New World Notes Land

The article has largely received positive feedback but is not without its critics, as can be exemplified by the comments of show 162: war of the social worlds, The Drax Files Radio Hour (with Jo Yardley). The critical comments avoid being abusive, which is both welcome and constructive.

The article features a number of interviews with Second Life residents and I’m particularly pleased to see Gentle Heron, of the excellent Virtual Ability Inc. featured because accessibility is such an important subject that doesn’t get anywhere near the attention it warrants.

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Second Life Destination Guide Highlights Diversity and History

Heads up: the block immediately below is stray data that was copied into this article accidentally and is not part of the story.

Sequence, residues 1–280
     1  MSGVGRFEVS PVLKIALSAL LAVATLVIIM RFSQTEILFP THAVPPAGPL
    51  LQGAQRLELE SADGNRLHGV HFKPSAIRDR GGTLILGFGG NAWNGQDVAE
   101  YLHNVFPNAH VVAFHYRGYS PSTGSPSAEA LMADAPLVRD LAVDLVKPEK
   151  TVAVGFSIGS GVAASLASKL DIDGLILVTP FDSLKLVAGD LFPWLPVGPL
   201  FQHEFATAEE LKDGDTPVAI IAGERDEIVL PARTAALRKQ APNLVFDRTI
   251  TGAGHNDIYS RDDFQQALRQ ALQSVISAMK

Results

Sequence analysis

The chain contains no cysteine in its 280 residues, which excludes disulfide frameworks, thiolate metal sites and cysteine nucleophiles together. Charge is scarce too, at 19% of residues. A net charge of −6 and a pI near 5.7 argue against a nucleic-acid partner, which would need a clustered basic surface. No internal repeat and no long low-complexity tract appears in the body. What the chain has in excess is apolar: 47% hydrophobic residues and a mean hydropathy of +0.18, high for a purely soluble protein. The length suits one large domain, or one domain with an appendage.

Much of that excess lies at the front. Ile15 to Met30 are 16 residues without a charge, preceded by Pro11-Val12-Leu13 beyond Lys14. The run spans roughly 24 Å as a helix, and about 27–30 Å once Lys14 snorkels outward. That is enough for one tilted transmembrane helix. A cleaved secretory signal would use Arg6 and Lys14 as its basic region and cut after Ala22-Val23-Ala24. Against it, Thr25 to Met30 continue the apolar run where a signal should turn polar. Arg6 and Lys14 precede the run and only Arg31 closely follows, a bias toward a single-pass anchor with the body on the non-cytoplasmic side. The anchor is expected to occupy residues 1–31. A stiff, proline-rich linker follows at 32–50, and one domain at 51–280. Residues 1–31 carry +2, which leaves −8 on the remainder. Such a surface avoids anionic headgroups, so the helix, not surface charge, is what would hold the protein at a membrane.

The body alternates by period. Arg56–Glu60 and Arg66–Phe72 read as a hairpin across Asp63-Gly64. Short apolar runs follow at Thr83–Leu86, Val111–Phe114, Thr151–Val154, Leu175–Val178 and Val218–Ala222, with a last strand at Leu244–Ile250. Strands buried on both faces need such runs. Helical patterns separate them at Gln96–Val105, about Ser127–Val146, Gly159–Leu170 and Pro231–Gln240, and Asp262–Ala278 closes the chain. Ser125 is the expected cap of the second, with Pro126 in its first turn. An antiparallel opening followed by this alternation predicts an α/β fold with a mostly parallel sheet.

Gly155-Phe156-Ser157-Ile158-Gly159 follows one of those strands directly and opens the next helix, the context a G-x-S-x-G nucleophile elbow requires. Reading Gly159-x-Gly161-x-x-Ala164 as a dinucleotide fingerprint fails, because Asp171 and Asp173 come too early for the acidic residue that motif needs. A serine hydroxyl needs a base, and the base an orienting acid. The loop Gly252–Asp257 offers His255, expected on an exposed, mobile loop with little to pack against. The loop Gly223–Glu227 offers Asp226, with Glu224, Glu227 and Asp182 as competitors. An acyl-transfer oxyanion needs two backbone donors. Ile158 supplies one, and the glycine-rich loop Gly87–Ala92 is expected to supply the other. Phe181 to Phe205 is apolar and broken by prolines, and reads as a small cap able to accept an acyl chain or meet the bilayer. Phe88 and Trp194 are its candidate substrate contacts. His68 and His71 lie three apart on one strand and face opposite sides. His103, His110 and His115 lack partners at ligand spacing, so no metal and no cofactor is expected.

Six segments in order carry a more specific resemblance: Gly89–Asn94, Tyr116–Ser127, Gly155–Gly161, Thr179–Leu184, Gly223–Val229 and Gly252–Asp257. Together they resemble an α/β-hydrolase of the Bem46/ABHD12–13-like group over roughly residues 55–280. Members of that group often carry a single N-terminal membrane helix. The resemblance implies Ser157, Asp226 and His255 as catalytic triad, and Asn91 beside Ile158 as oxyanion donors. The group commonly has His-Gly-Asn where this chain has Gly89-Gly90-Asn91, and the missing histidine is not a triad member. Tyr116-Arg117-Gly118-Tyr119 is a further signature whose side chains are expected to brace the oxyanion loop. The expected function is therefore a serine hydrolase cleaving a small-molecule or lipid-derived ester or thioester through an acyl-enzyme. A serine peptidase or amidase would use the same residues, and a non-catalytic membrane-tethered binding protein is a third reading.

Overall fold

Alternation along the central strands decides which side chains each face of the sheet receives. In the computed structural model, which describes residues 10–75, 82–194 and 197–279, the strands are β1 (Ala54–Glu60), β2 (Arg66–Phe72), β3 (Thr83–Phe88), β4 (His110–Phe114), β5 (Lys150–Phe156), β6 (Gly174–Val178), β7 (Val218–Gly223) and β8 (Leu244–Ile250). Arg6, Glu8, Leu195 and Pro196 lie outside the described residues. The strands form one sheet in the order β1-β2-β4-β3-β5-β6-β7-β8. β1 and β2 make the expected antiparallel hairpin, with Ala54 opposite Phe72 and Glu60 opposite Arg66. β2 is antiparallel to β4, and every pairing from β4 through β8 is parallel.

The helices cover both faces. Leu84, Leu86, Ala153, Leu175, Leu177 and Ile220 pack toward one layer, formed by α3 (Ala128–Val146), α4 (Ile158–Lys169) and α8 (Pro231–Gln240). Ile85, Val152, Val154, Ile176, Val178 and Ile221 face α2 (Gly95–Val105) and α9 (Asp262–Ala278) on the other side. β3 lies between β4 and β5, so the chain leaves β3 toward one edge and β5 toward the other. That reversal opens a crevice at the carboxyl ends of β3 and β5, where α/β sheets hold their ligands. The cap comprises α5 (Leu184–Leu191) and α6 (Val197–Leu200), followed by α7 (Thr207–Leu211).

Black History Museum Entrance

This week’s Highlights From The Second Life Destination Guide features the usual mix of art, fun and adventure and it also includes diversity and history. I’m going to take a brief look at some of those destinations, starting with the Virtual Black History Museum.

The blurb from the Destination Guide informs us :

The Virtual Black History Museum is an awareness project that takes a look at the timeline of events that led from the first group of slaves in what is now the United States through the brutality of Rodney King in 1992. There will also be scheduled discussions on the current events that the past has led to, as well as the impact of those who have contributed to the growth of the community.

Black History Museum & Cafe